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Articulation lost in space : the effects of local orobuccal anesthesia on articulation and intelligibility of phonemes
Journal Contribution - Journal Article
Motor speech requires numerous neural computations including feedforward and feedback control mechanisms. A reduction of auditory or somatosensory feedback may be implicated in disorders of speech, as predicted by various models of speech control. In this paper the effects of reduced somatosensory feedback on articulation and intelligibility of individual phonemes was evaluated by using topical anesthesia of orobuccal structures in 24 healthy subjects. The evaluation was done using a combination of perceptual intelligibility estimation of consonants and vowels and acoustic analysis of motor speech. A significantly reduced intelligibility was found, with a major impact on consonant formation. Acoustic analysis demonstrated disturbed diadochokinesis. These results underscore the clinical importance of somatosensory feedback in speech control. The interpretation of these findings in the context of speech control models, neuro-anatomy and clinical neurology may have implications for subtyping of dysarthria.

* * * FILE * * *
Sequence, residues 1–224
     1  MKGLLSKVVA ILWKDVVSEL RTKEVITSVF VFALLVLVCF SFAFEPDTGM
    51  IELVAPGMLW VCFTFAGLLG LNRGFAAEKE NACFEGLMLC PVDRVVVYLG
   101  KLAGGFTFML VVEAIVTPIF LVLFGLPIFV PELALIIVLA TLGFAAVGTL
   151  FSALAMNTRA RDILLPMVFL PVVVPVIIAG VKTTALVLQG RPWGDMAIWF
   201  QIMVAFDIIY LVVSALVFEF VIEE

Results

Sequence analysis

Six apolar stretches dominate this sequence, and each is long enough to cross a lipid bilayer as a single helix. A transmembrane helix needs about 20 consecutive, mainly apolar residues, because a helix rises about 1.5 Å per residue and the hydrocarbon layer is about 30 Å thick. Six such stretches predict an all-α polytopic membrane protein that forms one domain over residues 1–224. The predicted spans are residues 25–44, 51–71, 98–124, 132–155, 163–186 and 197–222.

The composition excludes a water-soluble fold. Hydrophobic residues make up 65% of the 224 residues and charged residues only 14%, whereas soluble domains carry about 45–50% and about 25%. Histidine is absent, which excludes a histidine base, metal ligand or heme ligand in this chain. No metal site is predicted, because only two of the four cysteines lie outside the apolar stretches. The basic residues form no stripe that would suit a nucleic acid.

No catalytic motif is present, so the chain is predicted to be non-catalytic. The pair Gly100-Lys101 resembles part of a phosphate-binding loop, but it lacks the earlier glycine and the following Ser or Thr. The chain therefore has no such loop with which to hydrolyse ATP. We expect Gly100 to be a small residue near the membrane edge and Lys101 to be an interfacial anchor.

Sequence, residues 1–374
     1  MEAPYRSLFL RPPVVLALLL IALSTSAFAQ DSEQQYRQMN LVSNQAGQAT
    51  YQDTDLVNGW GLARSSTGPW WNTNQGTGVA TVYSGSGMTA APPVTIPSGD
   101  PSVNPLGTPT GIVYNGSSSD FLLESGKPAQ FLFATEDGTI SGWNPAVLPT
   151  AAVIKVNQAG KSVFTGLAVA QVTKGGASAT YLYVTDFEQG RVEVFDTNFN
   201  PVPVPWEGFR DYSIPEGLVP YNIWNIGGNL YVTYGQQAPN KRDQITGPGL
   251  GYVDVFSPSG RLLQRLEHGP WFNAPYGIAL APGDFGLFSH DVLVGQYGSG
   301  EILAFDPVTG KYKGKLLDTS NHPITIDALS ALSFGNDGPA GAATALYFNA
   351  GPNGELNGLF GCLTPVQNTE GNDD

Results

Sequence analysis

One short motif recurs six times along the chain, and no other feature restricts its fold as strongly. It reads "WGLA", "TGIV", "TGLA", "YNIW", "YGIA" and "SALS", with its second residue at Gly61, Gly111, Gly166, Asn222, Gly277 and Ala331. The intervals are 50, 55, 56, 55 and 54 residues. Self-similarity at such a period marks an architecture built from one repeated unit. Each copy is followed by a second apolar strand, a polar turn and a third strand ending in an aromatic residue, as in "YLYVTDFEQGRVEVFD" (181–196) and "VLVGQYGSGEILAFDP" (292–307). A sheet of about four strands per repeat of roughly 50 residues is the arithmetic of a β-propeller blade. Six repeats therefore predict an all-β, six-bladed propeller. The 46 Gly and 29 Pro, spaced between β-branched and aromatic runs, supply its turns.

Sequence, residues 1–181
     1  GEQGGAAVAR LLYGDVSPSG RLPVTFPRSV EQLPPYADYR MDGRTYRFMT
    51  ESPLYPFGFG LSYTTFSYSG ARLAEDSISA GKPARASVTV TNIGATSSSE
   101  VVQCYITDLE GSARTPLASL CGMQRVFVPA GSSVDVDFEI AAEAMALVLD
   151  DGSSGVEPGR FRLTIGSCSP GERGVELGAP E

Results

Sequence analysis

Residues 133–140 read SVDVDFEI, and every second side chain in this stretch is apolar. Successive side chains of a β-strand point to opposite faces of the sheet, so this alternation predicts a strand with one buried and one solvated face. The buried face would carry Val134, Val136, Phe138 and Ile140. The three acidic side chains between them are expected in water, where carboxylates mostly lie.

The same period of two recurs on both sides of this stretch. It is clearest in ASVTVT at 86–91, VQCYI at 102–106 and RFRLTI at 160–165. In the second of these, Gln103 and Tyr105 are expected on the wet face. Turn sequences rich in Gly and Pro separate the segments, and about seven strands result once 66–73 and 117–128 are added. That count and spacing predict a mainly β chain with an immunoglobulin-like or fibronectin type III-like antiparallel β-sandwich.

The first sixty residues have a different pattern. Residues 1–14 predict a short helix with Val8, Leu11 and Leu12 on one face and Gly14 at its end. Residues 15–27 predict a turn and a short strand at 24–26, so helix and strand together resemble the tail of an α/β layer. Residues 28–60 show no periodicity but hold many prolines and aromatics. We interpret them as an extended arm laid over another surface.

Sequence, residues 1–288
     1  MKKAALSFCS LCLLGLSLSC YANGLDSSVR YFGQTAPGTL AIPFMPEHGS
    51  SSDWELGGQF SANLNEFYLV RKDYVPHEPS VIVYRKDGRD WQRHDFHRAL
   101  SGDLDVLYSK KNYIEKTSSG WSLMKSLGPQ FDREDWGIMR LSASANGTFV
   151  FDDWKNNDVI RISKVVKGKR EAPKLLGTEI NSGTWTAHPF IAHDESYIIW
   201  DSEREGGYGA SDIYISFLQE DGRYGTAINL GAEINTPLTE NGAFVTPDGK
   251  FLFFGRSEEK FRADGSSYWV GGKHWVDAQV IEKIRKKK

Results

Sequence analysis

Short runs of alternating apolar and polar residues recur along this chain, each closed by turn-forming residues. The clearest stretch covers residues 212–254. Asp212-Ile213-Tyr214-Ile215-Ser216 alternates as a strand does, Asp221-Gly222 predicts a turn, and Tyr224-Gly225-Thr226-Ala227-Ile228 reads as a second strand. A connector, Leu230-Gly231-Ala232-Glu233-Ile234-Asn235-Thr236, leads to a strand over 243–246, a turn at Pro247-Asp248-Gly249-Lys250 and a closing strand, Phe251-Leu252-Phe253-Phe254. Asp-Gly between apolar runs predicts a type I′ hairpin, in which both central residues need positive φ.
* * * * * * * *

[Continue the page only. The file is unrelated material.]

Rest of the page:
Journal: Brain & Language
Number of pages: 1